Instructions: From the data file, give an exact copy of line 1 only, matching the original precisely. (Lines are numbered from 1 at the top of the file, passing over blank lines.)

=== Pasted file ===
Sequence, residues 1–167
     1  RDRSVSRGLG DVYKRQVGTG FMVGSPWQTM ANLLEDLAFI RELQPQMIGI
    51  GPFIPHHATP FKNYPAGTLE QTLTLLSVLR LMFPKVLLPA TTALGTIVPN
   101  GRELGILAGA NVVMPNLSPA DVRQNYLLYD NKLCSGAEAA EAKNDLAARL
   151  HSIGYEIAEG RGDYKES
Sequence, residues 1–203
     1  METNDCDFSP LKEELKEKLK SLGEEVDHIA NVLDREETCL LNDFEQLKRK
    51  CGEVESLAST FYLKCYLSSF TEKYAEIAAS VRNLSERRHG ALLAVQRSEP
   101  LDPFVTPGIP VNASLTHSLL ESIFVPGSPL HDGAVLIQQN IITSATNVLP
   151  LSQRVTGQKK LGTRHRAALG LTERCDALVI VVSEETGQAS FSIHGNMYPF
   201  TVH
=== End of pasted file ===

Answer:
Sequence, residues 1–167